Faces on Faith: Those who made a difference are still there
“This feeling of being loved and supported by the universe in general and by certain recognizable spirits in particular is blissThe spirit of our helpers incarnates in us, making us more ourselves by extending us far beyond. And to that spirit there is no ‘beginning’ as we know it (although we might finally ‘know’ a historical figure who at one time expressed it) and no end. Always a hello, from the concerned spiritual ancestor you may not even have known you had-but this could strike at any time. Never a good-bye.”
-Alice Walker, Living by the Word (London: The Women’s Press, 1988), p.98
For Christians, Nov. 1 is celebrated as All Saints Day. It used to be that this day was for the “named saints” while the next day, All Souls Day, was for the rest of us. Now, though most churches combine the two into one celebration, often on the first Sunday of November.
Even if I had not been a pastor I would have not had any trouble remembering this day as it was my father’s birthday. Were he to be here in the flesh, he would be 103 years old. He lived a good long life and died at almost 85.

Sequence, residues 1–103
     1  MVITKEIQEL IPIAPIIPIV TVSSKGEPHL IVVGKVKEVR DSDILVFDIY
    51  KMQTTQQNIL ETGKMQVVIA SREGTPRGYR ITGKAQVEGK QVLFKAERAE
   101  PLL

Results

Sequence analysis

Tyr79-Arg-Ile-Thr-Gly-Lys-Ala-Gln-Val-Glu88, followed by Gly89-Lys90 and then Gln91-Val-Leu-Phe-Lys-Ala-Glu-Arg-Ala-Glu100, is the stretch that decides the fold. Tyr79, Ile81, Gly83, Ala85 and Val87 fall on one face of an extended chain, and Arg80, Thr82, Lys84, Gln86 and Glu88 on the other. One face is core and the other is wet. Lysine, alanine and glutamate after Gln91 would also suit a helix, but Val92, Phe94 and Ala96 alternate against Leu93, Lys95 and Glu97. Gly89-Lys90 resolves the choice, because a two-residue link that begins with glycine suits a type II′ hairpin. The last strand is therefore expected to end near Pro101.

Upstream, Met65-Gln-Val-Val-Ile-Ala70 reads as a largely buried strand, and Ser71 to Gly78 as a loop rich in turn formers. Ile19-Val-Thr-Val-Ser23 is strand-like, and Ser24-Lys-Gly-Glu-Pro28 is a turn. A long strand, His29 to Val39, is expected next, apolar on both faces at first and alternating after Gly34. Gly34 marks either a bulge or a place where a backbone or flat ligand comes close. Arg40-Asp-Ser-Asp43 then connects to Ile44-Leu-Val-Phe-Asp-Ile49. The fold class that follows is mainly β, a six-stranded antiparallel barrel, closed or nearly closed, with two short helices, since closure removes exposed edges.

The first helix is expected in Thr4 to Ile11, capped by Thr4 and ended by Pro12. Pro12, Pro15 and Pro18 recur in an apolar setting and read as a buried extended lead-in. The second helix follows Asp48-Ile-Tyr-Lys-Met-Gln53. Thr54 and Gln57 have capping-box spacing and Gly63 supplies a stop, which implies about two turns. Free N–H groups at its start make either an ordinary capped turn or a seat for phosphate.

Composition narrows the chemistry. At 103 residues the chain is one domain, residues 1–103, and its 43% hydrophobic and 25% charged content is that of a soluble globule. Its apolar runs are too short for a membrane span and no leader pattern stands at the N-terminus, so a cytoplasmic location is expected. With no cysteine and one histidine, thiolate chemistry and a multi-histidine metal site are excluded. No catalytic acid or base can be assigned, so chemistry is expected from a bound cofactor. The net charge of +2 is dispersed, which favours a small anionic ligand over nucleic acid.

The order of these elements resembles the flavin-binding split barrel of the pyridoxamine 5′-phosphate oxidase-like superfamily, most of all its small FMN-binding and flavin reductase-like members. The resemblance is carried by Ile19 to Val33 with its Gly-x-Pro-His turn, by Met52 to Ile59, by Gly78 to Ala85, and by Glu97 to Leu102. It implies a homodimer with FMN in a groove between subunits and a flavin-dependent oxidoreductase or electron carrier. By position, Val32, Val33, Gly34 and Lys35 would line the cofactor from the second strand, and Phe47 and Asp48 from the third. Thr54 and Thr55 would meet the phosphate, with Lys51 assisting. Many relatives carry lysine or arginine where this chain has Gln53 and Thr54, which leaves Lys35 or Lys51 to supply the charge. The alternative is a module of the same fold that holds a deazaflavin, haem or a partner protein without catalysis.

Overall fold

Christians confess their belief in the “communion of saints,” the idea that we are all connected to one another; going back to the very beginning, that we are part and parcel of a great and glorious gathering of those who have lived their lives on earth and are no longer here and those of us that are still here living our lives in the here and now. It’s always good to feel connected; to feel a part of something that was and is and will be. Alice Walker makes that point in the quote above.
There is a hymn, “Surely the Presence of the Lord Is in This Place” which is often sung as a prelude to prayer:
“Surely the presence of the Lord is in this
place, I can feel His mighty power and His
grace. I can hear the brush of
angels’ wings, I see glory on each face;
Surely the presence of the Lord is in this place.”
Even as the presence of the Holy One is always with us, so too is the presence of all those who have gone before us. The New Testament tells us that they surround us like a cloud of witnesses and help us to run the race that is set before us. I’m grateful for all the “saints” who have made a difference in my life and have been there for me in my race, or in my case, walk!
Think about those who have made a difference for you and remind yourself that they are still there for you.